Facilities

Bio-printer
The bio-printer is the product of nScrypt Inc. It is a fully computer-controlled delivery device. Three-dimensional printing is achieved by the movable x-y stage and three z-directional printing heads. Two of these are used to print the bio-ink particles, which are extruded from a bio-cartridge (a micropipette filled with bioink particles) by the positive displacement of a piston within the micropipette. The third unit is pressure operated and is used to print the bio-paper/substrate (e.g. collagen gel). Each extruder is equipped with a camera, providing full visual control of printing.

 

Tensiometer
The parallel plate compression device allows determining tissue surface tension and characteristic elastic and viscous parameters. A spherical cell aggregate (A) is placed between the lower (LCP) and upper (UCP) compression plates, in the inner chamber filled with tisssue culture medium. A water jacket, the outer chamber (OC) heats up the system to maintain 37C physiological temperature. The upper plate hangs from a nickel-chromium wire (NCW) attached to an electrobalance (B) that monitors the force applied to the aggregate. Raising the lower compression plate compresses the cell aggregate. This deformation is maintained throughout the compression to measure force dissipation under constant strain. Equilibrium is reestablished through a biphasic relaxation process; the equilibrium force and the geometric parameters are used to calculate the tissue surface tension via the Laplace-Young equation. Viscoelastic properties are determined employing the full relaxation curve.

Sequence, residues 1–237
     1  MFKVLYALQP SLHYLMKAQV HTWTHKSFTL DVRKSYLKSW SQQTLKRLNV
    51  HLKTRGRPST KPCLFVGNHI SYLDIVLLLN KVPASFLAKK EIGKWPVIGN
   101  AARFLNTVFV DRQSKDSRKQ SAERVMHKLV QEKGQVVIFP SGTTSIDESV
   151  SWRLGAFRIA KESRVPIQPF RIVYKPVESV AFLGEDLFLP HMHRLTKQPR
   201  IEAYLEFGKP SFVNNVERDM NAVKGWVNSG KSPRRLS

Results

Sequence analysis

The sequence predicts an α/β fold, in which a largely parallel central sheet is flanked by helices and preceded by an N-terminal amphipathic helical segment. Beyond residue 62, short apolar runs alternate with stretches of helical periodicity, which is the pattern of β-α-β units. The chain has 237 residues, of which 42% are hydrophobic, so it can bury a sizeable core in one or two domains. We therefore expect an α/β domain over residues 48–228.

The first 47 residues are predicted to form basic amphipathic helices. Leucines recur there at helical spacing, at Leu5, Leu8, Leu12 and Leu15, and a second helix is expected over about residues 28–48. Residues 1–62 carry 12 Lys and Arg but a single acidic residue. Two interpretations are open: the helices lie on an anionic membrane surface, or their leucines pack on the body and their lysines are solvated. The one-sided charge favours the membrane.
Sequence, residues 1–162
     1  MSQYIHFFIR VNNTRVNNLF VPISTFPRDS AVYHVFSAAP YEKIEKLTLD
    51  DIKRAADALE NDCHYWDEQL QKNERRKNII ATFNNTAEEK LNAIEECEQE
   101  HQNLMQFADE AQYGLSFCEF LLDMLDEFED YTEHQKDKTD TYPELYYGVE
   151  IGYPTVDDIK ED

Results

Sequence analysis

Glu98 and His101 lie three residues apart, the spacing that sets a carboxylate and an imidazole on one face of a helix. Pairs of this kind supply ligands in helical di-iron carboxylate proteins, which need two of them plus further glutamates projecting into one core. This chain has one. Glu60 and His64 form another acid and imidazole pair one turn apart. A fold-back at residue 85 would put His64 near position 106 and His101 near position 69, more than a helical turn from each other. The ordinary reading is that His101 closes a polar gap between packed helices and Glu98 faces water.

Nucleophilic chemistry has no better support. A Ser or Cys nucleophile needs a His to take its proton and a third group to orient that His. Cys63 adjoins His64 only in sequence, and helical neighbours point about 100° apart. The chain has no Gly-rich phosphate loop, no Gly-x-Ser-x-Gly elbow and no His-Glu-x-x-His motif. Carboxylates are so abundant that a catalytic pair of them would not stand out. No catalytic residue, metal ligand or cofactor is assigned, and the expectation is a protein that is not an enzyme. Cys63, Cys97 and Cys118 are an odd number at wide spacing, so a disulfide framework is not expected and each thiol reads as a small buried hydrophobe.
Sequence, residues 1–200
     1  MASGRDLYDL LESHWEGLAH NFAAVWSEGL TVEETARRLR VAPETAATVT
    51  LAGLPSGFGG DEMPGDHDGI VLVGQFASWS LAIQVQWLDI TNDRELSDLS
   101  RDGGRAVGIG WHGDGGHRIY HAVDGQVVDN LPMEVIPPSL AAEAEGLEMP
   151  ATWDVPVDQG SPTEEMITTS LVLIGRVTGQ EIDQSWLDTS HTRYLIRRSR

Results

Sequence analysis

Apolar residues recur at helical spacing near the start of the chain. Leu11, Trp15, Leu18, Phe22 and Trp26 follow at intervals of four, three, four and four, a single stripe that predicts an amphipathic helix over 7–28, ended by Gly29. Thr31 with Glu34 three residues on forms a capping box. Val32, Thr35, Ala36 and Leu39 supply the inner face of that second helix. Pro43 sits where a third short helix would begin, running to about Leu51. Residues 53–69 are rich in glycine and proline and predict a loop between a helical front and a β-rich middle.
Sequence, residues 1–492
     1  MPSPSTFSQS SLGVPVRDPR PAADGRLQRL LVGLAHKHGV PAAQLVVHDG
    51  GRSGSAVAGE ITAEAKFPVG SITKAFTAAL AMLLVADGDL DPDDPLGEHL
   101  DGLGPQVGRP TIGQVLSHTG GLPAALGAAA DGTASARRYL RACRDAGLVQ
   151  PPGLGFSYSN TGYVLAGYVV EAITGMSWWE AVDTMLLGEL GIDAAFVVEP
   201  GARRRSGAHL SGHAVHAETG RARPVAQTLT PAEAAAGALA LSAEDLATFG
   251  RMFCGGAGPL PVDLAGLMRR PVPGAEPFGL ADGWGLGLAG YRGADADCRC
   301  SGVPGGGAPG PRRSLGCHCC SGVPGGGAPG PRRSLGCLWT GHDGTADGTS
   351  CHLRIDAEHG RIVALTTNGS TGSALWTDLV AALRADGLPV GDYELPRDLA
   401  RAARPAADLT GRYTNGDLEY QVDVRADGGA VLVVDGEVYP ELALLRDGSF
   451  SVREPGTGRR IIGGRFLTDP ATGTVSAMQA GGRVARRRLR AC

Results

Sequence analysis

Magnetic Tweezers
The magnetic tweezers allows measuring intracellular and cell-level viscoelastic parameters. It is a 2-coil design, capable of generating a constant magnetic gradient (and implicitly a constant magnetic force) over a surface exceeding 4x105 square microns. It is a miniaturized Faraday balance mounted on the stage of an inverted Olympus IX-70 microscope. The force (in the range of 1-1000 pN) is applied unidirectionally, in the horizontal plane, through paramagnetic beads attached to the biological sample. The bead motion under magnetic force is recorded and the trajectory is determined with sub-pixel accuracy by an in-house developed particle tracking program. Physical parameters are determined from the analysis of the bead trajectory.